Here John Paul echoes that key text from the Second Vatican Council: “It follows then, that if man is the only creature on earth that God willed for its own sake, man can fully discover his true self only in a sincere giving of himself.”18 John Paul demonstrates that this teaching of the Council is rooted not only in the spiritual aspect of man’s nature, but also in his body, in the complementary difference of the sexes and their call to become “one flesh.”

Of course, this does not mean that everyone is called to marriage. Nor could it possibly mean that sexual union is required in order to understand and live the meaning of life. It does mean, however, that we are all called to some expression of “spousal love” – to an incarnate self-giving. Everyone, regardless of earthly vocation, finds the ultimate fulfillment of the spousal meaning of the body in the “Marriage of the Lamb,” that is, in union with Christ. And everyone’s journey toward this heavenly reality, regardless of earthly vocation, passes by way of the experience of sexual embodiment.

The Church recognizes two ways of living this vocation to love in its fullness – marriage or celibacy for the kingdom.19 Both vocations flow from the basic disposition of the human person towards communion revealed in the spousal meaning of the body. As John Paul states in his TOB: “On the basis of the same disposition of the personal subject and on the basis of the same spousal meaning of being, as a body, male and female, there can be formed the love that commits man to marriage for the whole duration of his life (see Mt 19:3-9), but there can be formed also the love that commits man for his whole life to continence ‘for the kingdom of heaven’ (see Mt 19:11-12).”20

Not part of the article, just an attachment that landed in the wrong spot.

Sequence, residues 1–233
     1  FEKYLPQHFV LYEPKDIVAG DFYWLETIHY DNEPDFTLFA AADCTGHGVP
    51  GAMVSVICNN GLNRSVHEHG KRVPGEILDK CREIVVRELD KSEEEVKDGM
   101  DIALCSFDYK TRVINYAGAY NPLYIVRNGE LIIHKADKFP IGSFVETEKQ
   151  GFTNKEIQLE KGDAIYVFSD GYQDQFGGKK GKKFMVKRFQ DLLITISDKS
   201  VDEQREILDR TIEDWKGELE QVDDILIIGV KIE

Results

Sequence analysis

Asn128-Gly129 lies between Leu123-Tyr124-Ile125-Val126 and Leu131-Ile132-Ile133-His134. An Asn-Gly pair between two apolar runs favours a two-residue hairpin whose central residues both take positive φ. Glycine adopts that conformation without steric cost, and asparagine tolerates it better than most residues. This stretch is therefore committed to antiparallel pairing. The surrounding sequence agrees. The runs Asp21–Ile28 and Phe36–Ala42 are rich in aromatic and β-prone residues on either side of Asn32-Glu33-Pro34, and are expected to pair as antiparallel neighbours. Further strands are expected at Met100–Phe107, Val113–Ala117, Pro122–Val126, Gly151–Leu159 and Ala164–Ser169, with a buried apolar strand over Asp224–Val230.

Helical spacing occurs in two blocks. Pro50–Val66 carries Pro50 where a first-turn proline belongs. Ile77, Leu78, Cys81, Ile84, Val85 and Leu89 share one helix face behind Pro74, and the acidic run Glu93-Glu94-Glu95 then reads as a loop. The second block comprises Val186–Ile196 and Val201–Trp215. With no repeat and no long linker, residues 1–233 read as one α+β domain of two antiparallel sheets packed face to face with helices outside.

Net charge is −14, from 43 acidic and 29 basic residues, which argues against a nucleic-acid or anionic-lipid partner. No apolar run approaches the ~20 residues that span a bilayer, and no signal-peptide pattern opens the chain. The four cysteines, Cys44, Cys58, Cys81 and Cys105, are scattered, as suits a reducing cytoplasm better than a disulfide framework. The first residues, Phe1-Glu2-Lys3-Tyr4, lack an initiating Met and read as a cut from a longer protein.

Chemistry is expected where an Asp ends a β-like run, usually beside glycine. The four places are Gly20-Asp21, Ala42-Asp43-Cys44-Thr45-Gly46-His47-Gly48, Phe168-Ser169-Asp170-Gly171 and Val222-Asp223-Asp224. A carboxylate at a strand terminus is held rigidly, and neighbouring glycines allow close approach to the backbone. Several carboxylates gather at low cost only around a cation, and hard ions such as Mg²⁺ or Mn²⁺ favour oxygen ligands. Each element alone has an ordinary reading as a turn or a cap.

Christian celibacy, therefore, must never be understood as a rejection of God’s plan for sexuality. Rather, it is a sign of the ultimate purpose and meaning of human sexuality – the union of Christ and the Church (see Eph 5:31-32). The celibate person skips the sacrament of Christ’s union with the Church (the marriage of Genesis) in order to devote himself entirely to the reality of Christ’s union with the Church (the marriage of the book of Revelation).

As John Paul expressed it, “Continence ‘for’ the kingdom... is a charismatic sign... [that] points out the eschatological ‘virginity’ of the risen man, in which... the absolute and eternal spousal meaning of the glorified body will be revealed in union with God himself.”21

John Paul insists that the call to voluntary celibacy only finds its proper motivation in relation to the spousal meaning of masculinity and femininity. If someone where to choose celibacy based on a fear or rejection of the true wealth of sexuality, it would not correspond to Christ’s invitation.22 The spousal meaning of the body “constitutes the fundamental component of human existence in the world.”23 Hence, we cannot reject or forego the spousal meaning of our bodies without doing violence to our humanity.